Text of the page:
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Would you consider the audio edition of After the Fall to be better than the print version?
Yes. Nicolette McKenzie did a wonderful job narrating this book. With the exceptions of her accents, which were passable (not great), her tone was pitch-perfect and emotion handled like a paint brush. Her ability to immitate children's voices was well-done without being really annoying, a feat indeed!
Any additional comments?
I enjoyed this book and was hooked from the very beginning. One thing I couldn't understand, and probably may not, is Martha's ability to keep secrets to the detriment of her family. Perhaps I will reread this book to get an understanding of the complex loyalties that are beneath the surface, but at a first read I just couldn't get it (the only reason I gave this book 4 stars).
I will read more by both this author and narrator - assuming that whoever published Freeing Grace will allow it to be available in my country (which, as of this review, has not happened).
Great work by a talented author and narrator.
I thoroughly enjoyed this book. Issues around redundancy, blended family, immigration and addiction are all covered with sensitivity and depth of insight. Characters are well developed and believable.I will be looking for more from this author.
The story begins with five year old Finn's fall from a balcony at his home. There are hints from the beginning that this is not a simple accident but as we come to know more about each of the characters it is hard to believe that any of them would be responsible for Finn's injuries. The story is told from the viewpoint of Finn's mother, Martha, who reveals how she came to be at the hospital at this point in time, interspersed with chapters detailing her time in hospital - visits from police and social workers and Martha's anxiety on not being able to contact her husband. I found this occassionally irritating as I was so involved with the her telling of her family's history that I did not want to be brought back to the hospital scenes. I loved the New Zealand setting as the wild landscapes, beautiful beaches and local characters were vividly brought to life. The interweaving of the local legends with the modern story was especially skillful. The story was beautifully read and I found it hard to stop listening, especially in the second half of the book when the pace picked up. I found I was thinking about the story long after I had finished it. Charity Norman has been compared to Jodi Picoult and this is a fair comparison. An excellent drama which kept me guessing until the end.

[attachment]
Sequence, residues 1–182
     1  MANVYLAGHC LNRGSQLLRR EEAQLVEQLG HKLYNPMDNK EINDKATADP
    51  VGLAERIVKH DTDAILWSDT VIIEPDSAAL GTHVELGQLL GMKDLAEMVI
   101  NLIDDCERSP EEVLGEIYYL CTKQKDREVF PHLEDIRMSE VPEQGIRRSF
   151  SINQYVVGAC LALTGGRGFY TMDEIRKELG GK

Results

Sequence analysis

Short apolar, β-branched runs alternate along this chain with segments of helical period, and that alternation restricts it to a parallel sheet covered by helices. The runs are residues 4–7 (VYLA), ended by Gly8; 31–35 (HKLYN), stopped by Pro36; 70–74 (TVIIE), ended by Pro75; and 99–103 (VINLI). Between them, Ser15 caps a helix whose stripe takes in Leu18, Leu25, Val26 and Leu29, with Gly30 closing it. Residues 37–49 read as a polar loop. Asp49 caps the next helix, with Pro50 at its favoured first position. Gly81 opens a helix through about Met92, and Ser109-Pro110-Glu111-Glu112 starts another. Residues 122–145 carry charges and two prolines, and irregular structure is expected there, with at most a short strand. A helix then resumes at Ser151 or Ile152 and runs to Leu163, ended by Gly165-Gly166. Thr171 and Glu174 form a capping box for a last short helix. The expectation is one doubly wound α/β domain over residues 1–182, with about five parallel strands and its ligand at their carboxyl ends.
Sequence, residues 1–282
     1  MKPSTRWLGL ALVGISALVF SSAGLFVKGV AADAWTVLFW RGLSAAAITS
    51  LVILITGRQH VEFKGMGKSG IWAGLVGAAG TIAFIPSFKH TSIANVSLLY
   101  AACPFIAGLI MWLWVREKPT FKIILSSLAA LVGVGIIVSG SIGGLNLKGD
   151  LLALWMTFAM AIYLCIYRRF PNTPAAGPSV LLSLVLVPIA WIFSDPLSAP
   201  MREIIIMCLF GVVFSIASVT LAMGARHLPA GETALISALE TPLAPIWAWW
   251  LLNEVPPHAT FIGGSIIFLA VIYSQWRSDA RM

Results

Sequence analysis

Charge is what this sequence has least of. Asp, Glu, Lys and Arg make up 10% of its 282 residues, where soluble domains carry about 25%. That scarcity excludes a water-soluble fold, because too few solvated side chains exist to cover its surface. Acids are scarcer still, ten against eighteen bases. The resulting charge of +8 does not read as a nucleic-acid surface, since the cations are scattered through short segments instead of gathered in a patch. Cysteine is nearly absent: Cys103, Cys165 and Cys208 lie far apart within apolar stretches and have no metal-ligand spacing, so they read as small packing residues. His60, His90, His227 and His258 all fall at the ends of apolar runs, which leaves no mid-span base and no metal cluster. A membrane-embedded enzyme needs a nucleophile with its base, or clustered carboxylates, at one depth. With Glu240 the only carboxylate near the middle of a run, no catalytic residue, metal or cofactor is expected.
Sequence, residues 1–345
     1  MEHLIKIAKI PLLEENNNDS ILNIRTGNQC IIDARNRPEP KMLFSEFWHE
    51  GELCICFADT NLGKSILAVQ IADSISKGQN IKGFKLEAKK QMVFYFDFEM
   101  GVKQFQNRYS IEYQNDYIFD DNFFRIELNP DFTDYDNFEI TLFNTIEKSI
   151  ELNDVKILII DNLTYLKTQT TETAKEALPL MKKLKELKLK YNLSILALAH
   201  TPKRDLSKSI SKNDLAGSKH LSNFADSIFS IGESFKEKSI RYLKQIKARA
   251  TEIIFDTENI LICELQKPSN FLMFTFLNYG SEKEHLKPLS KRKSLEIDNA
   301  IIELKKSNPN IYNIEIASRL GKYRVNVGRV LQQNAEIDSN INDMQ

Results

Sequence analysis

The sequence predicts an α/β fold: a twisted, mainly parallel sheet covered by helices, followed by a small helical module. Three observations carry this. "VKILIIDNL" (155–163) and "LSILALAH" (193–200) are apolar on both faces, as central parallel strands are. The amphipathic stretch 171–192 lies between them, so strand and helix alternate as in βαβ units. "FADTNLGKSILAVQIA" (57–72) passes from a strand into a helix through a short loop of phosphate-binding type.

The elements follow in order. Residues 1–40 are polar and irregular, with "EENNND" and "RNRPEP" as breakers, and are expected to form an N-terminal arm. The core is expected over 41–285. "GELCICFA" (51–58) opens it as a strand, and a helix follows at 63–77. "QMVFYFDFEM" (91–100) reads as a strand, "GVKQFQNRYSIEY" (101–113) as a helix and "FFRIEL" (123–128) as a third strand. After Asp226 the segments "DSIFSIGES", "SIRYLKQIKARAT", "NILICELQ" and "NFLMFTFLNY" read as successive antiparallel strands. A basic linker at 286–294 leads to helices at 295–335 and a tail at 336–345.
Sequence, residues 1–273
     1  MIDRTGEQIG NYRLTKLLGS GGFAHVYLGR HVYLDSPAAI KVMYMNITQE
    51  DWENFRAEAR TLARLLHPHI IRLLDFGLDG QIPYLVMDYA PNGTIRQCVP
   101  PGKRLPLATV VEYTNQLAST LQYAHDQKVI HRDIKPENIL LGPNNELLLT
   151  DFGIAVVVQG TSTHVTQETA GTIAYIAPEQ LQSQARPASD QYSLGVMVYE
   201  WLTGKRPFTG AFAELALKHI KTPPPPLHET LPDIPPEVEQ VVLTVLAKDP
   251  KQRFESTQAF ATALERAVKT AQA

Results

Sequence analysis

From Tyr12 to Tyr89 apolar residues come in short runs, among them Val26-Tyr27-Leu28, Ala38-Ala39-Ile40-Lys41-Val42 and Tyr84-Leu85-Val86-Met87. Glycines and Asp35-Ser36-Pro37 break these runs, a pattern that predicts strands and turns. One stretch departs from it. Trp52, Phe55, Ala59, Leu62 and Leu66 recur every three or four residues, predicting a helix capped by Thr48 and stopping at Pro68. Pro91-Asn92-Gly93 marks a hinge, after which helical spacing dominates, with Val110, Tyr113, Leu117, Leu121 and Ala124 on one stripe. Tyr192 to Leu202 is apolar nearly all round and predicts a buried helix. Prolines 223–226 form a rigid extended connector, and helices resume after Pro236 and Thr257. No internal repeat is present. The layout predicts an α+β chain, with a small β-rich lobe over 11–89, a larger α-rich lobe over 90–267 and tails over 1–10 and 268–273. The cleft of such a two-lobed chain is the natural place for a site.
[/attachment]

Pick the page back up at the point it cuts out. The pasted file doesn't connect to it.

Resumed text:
13 of 13 people found this review helpful
From the beginning there is an inkling that there's much more to the story that the aftermath of an accident. Gradually the listener get to know and care about the main players and travels with them back as forth through time so that their back-story enriches our knowledge of their characters and motivations. I was drawn into the life and travails of the McNamara family as they make a new start in New Zealand. Tension mounts and the story becomes even more gripping. Although there are heart-rending scenes they are leavened by enchanting and funny insights into the minds and exploits of the 5 year old twins who are central to the story.
The narrator is superb. She is able to give different voices the characters such that I felt they were real people.
It's a marvelous, well-written book that I was sorry to finish.
22 of 23 people found this review helpful